The opinion of the court was delivered by: LEVET
The present action, by way of a counterclaim, is for libel brought by defendants Bernard Green and Barbara Green against plaintiff The Church of Scientology of California, Inc. (sometimes referred to as "the Church"). One of the original claims of the Church sought to enjoin the Greens from holding themselves out as "bona fide" ministers of the Church. All claims of the Church have been withdrawn.
Although the case has been completely tried, the sole issue for determination presently before this court is whether there was publication of the alleged libelous statement. Obviously, if there is no publication then there is no libel. Other issues, although tried, have been deferred pending a decision on this limited issue.
After hearing the testimony of the parties, examining the exhibits, the pleadings, the Proposed Findings of Fact and Conclusions of Law with respect to the issue of publication, this court makes the following Findings of Fact and Conclusions of Law:
1. This court has jurisdiction over the subject matter of the litigation and the parties hereto.
2. The Church of Scientology of California, Inc. is a non-profit corporation, incorporated under the laws of the State of California, with its principal place of business in Los Angeles, California.
3. Bernard Green and Barbara Green reside at 685 West End Avenue, New York, New York, and are presently operating from that address an unincorporated association known as the "International Awareness Center."
Bernard Green became a member of Scientology in 1953 and received training for several years thereafter. He held a "franchise" of the Church of Scientology and was operating said franchise in 1969. In such a capacity he conducted spiritual counseling. (17-34, 38-43, 69.)
Barbara Ferraro married Bernard Green in 1968 and together they operated the Scientology franchise. (170-171.)
On or about November 20, 1969 the Scientology franchise held by the Greens was cancelled by a notice from the Church of Scientology of New York. (123-124; Ex. 3.)
4. On December 10, 1969 a document from the Church bearing the heading, "Writ of Expulsion," was received by Bernard Green in the mail. The document, dated December 3, 1969, contained the alleged libelous statement:
"1. Further evidence found indicts Bernard Green of attempted blackmail of parishioners he has counseled." (50-52; Ex. B.)
Clarice Jackson, an Ethics Officer and member of the Church of Scientology of California, authored the writ which was sent to Bernard Green. After the formulation of the writ Jackson personally carried it to Fred Hare and Hanna Eltringham, officers of the Church, for their approval. The names of Jackson, Hare and Eltringham appear on the writ (Ex. B) as co-originators. Jackson then typed the original handwritten draft onto a stencil. Two copies of the stencil were then mimeographed, in Jackson's presence, by one James Isaacson. Isaacson was a L. Ron Hubbard (LRH),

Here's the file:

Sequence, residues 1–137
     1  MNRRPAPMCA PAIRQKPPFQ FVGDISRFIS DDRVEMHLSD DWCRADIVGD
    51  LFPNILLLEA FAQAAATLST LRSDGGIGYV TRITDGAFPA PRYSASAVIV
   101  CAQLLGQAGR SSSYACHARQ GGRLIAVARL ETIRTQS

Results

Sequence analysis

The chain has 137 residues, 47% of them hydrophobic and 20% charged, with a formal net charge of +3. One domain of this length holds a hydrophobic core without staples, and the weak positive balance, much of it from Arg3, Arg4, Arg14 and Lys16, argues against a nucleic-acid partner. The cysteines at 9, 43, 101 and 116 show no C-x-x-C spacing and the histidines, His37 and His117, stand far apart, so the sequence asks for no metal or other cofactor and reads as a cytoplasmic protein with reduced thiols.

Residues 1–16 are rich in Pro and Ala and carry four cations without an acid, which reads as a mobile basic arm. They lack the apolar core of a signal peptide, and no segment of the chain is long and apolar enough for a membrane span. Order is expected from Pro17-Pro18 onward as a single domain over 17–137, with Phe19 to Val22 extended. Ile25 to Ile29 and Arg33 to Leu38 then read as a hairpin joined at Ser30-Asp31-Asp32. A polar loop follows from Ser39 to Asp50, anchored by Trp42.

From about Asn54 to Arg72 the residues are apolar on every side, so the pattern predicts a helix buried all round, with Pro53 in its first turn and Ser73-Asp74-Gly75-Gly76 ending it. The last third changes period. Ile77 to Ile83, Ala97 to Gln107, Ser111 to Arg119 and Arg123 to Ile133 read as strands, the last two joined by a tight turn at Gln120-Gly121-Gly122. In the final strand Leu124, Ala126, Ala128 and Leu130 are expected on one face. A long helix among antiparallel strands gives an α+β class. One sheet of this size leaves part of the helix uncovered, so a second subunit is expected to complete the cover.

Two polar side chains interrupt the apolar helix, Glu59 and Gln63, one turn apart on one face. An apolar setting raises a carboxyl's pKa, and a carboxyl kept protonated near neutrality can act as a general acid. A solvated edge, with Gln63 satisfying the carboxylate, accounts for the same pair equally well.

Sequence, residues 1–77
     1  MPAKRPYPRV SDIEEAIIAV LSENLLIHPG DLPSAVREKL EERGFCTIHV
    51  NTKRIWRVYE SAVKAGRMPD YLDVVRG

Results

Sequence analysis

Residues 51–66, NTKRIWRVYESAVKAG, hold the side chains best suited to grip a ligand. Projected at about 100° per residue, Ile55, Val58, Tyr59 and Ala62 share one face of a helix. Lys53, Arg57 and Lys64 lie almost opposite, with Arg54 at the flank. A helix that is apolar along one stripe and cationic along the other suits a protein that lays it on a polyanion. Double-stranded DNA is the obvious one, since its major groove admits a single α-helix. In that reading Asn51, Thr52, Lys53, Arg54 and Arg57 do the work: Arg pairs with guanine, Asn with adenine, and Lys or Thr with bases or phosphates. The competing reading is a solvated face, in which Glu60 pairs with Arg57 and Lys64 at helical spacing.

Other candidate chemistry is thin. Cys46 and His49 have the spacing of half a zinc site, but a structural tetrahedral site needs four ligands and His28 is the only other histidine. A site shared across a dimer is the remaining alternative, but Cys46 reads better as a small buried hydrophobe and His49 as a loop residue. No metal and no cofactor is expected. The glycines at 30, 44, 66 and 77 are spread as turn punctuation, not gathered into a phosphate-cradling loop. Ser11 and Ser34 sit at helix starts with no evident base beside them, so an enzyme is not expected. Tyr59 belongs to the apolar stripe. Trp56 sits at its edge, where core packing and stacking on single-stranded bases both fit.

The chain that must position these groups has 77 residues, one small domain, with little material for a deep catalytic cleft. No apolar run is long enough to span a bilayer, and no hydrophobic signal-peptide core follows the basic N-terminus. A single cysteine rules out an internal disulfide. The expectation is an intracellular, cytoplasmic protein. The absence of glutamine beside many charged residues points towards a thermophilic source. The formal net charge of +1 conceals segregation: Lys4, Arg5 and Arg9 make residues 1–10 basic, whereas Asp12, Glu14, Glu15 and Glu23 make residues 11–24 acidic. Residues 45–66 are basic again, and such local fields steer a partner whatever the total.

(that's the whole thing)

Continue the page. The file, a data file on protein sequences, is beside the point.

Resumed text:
Communicator, whose duties were "to watch the organization, that it was running correctly, that it was following the prescribed policy . . . and that the ethics decisions that came down were done correctly . . ." (374.) In such a capacity Isaacson was responsible for mimeographing ethic orders such as the writ sent to Bernard Green. (325-326, 374-375; Ex. B.)
Clarice Jackson mailed one copy of the writ to Bernard Green and placed the other copy in the locked files of the Church. (339-342.)
The original writ prepared by Clarice Jackson differed from the letters or copies of the writ claimed by the Greens to have been received by other members of the Church (Ex. B) in three respects:
(A) It did not have a border of approximately two inches from the top and bottom edges of the paper;
(B) There were no initials on the original prepared by Jackson as found in the lower left corner of Exhibit B;
(C) The writ, when mailed by Jackson, was placed in a white envelope and folded in thirds. There is no indication on Exhibit B, the writ received by Bernard Green, that it had been folded.
6. Bernard Green's allegation of publication by the Church is not supported by the credible evidence.
Green contends that there was publication of the writ when it was mailed in California and received in New York by Barbara Green, Michael Gerson, Michael Kates, Frank Catricola and Allan Ferguson.
(A) Barbara Green testified that she first saw a copy of the writ when her husband showed it to her. (159-160.) This, obviously, is not a publication on which a libel action can be ...